After hitting 3% on Tuesday, U.S. 10-year Treasury yields (^TNX) are likely to stall out or fall in the coming months, analysts say, as there are too many factors working against inflation for yields to move much higher.
Investors pointed to the weakness of the U.S. dollar, long-term inflation expectations, central bank policy and a number of other key factors that will limit further rises in interest rates for the foreseeable future.
“I just don’t see the catalyst for a sustained rise above 3%, in 10-year yields” said Subadra Rajappa, head of U.S. rates strategy for Societe Generale in New York. “I’ve said pretty consistently we could get to 3%, which is more of a mechanical trade, not really a key technical level, but beyond that I just don’t see how we could keep going higher.”
Rajappa said that much of the move higher in yields has been driven by a momentum trade and she sees U.S. growth this year hovering around 2%, which would weigh on long-term inflation expectations given the amount of fiscal stimulus that has been pumped into the U.S. economy by tax cuts and spending increases by Congress.
Lou Brien, rates strategist at DRW Trading in Chicago, said that the lack of wage increases for workers has shown no sign of relenting, as the number of unions remains historically low and employees have limited negotiating power. That means that even as corporate earnings rise, workers have been unable to increase their share of the profits, meaning they have less to spend as consumers.
People are also taking on more debt, Brien said, with indebtedness rising to its highest levels in years in a number of readings. Consumer spending rose by its fastest pace in more than a year, spurred by increases in consumer credit (up 7.8%) and mortgage borrowing (up 3%). Spending on U.S. general purpose credit cards surged 9.4% last year, to $3.5 trillion, according to industry newsletter Nilson Report.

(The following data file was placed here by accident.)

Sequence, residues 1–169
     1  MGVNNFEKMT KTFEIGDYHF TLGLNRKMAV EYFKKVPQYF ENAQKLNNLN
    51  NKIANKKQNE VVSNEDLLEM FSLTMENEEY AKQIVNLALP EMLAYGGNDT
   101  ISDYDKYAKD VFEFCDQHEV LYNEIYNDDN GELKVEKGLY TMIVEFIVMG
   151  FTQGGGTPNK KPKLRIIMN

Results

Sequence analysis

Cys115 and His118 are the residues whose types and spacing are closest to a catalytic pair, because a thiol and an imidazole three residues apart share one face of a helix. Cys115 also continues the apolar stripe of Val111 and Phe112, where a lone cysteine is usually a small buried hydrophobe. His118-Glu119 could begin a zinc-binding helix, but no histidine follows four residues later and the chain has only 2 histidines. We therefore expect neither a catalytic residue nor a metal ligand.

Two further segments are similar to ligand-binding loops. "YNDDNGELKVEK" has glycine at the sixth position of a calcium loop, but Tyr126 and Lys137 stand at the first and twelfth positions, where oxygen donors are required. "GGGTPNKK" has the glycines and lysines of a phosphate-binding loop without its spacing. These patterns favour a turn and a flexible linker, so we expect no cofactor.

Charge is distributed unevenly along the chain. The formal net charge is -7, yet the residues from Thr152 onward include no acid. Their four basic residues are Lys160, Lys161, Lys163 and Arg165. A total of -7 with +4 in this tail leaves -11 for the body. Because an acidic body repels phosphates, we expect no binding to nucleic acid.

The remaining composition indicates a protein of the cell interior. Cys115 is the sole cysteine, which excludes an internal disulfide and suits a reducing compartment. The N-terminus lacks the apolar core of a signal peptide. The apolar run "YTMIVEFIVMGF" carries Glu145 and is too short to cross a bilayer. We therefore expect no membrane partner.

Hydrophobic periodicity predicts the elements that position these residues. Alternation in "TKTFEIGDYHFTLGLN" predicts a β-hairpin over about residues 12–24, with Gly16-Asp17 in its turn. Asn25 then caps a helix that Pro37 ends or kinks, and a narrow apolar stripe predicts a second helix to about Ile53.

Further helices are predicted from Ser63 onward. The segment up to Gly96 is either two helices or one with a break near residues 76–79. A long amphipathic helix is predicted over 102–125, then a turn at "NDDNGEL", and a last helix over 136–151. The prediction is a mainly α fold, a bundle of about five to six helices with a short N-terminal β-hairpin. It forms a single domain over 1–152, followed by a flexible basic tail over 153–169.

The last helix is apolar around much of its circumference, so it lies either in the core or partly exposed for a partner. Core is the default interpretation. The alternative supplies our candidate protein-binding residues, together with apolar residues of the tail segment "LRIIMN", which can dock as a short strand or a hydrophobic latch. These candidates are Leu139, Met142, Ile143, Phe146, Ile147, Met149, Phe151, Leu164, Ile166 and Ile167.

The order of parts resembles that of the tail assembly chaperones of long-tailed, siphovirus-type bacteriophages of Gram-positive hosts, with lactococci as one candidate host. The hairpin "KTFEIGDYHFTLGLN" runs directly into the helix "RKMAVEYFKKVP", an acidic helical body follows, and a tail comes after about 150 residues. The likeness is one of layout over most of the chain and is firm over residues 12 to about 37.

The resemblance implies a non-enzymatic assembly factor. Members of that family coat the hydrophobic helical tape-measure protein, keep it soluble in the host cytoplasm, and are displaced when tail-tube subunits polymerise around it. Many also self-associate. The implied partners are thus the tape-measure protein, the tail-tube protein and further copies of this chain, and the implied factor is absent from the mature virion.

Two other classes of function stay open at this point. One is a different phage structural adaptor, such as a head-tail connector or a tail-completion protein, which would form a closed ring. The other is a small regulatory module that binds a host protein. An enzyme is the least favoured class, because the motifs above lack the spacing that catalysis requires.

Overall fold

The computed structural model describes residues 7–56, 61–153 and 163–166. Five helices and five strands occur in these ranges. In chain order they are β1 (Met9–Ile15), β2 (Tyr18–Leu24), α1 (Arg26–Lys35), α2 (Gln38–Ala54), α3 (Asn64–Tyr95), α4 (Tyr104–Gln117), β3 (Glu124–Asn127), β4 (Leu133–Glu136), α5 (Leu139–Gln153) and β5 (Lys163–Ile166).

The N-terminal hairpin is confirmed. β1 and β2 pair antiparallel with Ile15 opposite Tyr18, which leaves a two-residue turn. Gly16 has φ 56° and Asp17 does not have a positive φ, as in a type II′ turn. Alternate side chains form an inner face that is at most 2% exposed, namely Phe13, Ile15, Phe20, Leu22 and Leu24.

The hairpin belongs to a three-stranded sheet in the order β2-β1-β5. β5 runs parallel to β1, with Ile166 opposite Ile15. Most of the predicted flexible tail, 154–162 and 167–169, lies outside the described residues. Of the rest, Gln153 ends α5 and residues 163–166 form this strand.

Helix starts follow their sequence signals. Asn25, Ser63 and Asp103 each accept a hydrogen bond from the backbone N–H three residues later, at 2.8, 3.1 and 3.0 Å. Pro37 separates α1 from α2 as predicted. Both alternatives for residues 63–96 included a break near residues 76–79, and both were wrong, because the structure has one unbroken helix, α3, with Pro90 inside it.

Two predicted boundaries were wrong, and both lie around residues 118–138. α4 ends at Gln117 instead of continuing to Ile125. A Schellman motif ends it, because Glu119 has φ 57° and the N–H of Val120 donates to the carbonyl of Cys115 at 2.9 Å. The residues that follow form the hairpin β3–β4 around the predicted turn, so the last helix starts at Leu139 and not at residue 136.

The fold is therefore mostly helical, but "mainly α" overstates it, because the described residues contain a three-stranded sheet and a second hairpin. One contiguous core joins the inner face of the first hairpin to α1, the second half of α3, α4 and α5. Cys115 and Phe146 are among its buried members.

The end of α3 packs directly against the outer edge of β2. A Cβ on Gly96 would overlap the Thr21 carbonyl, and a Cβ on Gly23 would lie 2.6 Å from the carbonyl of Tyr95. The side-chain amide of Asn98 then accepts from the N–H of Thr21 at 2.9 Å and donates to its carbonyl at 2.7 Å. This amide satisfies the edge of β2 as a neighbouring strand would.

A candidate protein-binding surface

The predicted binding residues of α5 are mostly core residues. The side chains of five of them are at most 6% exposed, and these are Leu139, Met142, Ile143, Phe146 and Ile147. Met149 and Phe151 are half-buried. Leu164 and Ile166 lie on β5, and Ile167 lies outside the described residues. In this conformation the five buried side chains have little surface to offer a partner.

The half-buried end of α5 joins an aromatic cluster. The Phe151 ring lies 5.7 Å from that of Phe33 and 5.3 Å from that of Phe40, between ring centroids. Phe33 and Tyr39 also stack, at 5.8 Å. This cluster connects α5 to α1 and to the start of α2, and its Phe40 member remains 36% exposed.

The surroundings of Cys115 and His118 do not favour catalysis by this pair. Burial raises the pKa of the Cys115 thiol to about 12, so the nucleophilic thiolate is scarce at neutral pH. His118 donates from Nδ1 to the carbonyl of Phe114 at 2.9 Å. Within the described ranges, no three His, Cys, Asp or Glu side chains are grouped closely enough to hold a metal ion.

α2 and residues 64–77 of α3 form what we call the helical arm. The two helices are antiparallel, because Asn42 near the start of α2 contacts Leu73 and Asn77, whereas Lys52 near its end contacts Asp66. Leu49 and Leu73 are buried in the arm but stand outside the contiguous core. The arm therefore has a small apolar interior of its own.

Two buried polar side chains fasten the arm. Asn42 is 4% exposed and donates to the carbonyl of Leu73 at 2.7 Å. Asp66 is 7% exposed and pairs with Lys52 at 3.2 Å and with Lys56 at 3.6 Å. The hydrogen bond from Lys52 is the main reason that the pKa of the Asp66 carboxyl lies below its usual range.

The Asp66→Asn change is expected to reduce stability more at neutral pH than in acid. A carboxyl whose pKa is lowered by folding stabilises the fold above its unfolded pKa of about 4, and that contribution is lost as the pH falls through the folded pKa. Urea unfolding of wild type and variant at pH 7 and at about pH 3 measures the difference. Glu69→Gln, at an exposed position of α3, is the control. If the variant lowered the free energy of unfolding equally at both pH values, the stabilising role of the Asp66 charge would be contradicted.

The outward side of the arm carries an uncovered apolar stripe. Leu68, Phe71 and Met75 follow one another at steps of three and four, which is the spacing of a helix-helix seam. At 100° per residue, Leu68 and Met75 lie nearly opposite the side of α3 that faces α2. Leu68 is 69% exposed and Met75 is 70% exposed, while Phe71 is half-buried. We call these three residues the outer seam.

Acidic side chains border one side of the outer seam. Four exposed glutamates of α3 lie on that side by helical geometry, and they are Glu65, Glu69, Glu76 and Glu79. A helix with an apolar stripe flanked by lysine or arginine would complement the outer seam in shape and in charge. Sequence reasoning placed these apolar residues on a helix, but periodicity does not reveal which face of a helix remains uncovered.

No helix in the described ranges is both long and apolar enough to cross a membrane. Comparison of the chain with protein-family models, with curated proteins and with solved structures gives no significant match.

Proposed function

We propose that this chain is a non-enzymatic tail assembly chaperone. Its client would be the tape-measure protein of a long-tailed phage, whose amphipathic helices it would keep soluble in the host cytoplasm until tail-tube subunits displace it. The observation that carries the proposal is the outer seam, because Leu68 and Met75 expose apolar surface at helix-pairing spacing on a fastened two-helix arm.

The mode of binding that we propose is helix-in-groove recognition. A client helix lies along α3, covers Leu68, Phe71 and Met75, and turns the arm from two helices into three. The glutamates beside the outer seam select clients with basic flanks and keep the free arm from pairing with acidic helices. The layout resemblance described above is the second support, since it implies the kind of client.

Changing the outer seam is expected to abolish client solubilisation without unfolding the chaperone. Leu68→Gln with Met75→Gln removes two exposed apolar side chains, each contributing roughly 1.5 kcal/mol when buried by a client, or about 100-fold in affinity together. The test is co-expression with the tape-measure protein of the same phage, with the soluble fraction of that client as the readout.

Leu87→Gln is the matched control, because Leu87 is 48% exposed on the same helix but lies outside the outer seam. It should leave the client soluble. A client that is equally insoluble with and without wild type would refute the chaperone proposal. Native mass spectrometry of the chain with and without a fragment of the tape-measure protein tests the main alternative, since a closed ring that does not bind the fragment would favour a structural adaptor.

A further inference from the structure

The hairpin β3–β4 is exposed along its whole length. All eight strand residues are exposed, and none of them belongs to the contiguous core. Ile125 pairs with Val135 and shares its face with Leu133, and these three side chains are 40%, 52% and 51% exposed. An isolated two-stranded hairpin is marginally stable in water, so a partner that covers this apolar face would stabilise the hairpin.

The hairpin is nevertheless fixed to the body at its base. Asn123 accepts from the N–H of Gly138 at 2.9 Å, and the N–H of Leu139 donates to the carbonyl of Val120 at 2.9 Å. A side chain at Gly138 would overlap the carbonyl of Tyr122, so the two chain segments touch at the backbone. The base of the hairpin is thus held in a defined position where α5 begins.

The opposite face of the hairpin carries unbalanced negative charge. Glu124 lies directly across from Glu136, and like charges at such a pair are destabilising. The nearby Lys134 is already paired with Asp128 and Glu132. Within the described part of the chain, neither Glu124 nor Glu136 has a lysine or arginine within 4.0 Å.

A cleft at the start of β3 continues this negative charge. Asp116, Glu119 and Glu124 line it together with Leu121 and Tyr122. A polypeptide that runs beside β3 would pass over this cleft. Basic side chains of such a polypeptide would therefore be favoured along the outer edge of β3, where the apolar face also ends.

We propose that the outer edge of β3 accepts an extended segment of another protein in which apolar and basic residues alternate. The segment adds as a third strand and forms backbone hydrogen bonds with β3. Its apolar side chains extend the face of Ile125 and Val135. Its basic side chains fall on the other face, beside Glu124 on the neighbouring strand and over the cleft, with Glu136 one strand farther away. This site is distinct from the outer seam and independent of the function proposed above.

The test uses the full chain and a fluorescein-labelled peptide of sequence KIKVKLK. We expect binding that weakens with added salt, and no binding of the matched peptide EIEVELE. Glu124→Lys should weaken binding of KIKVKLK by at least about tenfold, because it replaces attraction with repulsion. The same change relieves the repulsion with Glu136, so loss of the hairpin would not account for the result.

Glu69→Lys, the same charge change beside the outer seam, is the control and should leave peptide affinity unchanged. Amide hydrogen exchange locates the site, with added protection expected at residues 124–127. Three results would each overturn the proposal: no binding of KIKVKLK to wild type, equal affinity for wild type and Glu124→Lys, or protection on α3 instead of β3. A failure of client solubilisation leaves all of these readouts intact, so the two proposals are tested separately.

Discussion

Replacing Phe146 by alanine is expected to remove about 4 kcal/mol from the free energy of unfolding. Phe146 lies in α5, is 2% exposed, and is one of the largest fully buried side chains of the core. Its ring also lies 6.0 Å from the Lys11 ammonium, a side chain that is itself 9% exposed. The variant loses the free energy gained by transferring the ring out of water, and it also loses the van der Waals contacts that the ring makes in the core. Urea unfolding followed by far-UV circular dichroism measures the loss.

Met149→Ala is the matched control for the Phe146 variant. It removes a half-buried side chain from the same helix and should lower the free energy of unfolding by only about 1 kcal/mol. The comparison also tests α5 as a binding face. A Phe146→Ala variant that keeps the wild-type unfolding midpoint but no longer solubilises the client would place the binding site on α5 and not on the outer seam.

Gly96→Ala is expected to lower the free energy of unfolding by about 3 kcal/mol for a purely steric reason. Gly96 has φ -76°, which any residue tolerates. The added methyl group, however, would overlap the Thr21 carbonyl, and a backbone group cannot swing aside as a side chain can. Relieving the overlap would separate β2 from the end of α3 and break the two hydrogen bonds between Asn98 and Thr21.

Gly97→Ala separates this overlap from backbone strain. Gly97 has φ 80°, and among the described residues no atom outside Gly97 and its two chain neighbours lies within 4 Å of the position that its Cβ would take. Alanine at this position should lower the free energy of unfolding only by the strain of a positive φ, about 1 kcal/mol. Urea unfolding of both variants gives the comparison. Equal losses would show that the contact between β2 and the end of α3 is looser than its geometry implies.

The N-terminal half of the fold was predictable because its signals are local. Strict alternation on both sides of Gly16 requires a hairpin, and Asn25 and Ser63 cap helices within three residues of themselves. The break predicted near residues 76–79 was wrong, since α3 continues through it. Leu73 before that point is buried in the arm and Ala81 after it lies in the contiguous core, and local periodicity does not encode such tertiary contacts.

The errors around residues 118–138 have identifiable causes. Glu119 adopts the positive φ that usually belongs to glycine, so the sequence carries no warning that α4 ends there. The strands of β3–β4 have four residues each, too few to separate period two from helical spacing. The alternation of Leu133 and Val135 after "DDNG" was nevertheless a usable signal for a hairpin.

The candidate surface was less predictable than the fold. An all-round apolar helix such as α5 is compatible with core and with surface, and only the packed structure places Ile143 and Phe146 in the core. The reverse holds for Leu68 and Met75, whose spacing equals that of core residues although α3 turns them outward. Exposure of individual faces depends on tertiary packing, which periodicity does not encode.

With debt rising and wages not keeping track, consumers will have to make either/or decisions about their spending, making it more difficult for businesses to raise prices.
“I go back to the idea that inflation and inflation expectations is the key determinant of long-term rates,” Brien said. “Therefore I come back to the [question] of who can afford inflation when you’ve got to pay all that credit card debt each month. Because you just make other choices.”
A recent survey by Bloomberg found that more than half of the 56 analysts surveyed expect the 10-year yield to end 2018 within 25 basis points of 3 percent, meaning a range-bound remainder of the year.
Some see rates going higher
Not everyone is convinced rates are set to stick around their current levels. Moody’s Investor Service said it expects rates to rise to 4%, but not until 2020, and only after a “modest correction” in asset prices.
“We believe U.S. growth will remain resilient,” Moody’s economist Elena Duggan said in a note. “However, rising rates will put pressure on refinancing costs for highly leverages [sic] companies and households.”
There’s also the matter of overseas investors buying U.S. Treasuries because they offer significantly higher yields than comparable developed market government debt. The spread between 10-year U.S. Treasuries and 10-year German government bonds, or Bunds, has widened to near its highest level in a decade recently. As more investors seek the higher return of U.S. interest rates, it pushes prices up and yields down.
Societe Generale’s Rajappa said she expects the gap between Treasuries and Bunds to thin as the euro zone’s economy continues to improve and the European Central Bank slows its bond-buying program. However, that will be the result of Bund yields rising and U.S. yields remaining near their current level.
Weighing further on interest rates is the fact that the Federal Reserve’s interest rate hiking cycle is just beginning to impact the market, said BMO Capital Markets Head of U.S. Rates Strategy Ian Lyngen.
“When a central bank tightens policy it slows the economy and it cuts inflation,” he said. “We have no inflation to speak of; the economy is good, not great; and there’s a 12-18 month lag between monetary action and it flowing through to the real economy. So [the real economy is] just now starting to feel the impact of the first two or three rate hikes.”